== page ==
“My only friend, the end
Of our elaborate plans, the end
Of everything that stands, the end” – The Doors
Okay, I’ll admit it: I love post-apocalyptic stories. I’ll never forget the first time I saw The Omega Man or Mad Max. There was something electrifying about these survivalists braving new frontiers, living by their wits, hanging onto what it meant to be human in the face of total depravity and destruction. I’d always wanted to be a cowboy—in the romantic version of the Old West. Maybe part of me hoped that one day we’d return to that invigorating man-against-the-world conflict, when all of our gadgets and technology would be kaput and we’d be human beings again—not human doings.
Last year, I read a lot of apocalyptic fiction: Wastelands, Stories of the Apocalypse (edited by John Joseph Adams, who has rejected three of my stories so far); Cormac McCarthy’s The Road, which held me captive for thirty-six hours (until I finished it); Richard Matheson’s I Am Legend (better than the movie); and Stephen King’s The Stand, as well as his magnum opus Dark Tower series. I justified it all as “research” for my Beyond the Fall (working title) manuscript; but really, I just couldn’t get enough.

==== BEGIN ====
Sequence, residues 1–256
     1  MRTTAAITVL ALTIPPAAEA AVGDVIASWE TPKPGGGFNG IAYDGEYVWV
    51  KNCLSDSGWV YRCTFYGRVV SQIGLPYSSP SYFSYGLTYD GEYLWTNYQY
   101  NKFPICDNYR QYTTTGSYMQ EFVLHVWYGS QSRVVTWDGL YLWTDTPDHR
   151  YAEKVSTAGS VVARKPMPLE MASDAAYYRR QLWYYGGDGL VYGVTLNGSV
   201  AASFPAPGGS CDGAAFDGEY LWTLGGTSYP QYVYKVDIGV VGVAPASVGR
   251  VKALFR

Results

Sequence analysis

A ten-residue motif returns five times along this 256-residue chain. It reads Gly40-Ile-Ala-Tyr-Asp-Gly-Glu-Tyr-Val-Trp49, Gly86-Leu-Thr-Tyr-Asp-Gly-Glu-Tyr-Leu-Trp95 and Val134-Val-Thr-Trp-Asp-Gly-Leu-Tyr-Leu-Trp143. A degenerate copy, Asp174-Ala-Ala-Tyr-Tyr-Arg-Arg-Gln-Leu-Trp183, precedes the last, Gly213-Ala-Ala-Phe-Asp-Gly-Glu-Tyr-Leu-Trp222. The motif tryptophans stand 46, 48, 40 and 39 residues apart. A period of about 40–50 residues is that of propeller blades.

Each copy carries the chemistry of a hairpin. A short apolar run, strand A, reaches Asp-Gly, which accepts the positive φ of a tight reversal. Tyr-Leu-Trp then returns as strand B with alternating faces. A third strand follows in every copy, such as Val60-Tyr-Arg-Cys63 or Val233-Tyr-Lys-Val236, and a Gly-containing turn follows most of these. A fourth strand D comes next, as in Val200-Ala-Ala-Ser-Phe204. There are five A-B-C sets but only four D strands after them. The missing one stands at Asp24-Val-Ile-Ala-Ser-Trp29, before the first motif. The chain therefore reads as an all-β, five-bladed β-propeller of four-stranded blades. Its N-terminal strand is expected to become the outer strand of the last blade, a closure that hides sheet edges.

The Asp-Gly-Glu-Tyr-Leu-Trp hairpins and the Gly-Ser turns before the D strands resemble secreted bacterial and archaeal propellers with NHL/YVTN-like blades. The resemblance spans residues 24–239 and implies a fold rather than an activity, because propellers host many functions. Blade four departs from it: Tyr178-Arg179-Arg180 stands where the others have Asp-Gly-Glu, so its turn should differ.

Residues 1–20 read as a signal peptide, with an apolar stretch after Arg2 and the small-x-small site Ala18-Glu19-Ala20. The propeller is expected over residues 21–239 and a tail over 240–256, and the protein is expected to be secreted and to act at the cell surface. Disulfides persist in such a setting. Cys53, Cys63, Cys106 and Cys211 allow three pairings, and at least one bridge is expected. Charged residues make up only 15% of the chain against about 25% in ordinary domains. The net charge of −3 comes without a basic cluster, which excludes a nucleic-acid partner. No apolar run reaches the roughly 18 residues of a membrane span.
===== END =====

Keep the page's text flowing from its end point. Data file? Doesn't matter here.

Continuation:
Deep down, do I have a burning desire to rebel against established routines and strike out into the unknown? Does modern society bore me? Am I a clichéd, thirty-odd-year-old white male afflicted with ennui to the point of wishing that the world and all its problems would blow itself up already so we can start over from scratch?
I hope not.
But I appreciate the question this genre forces us to answer: What makes us human when humanity is no more?
As well as the quintessential: Could I even survive a zombie apocalypse?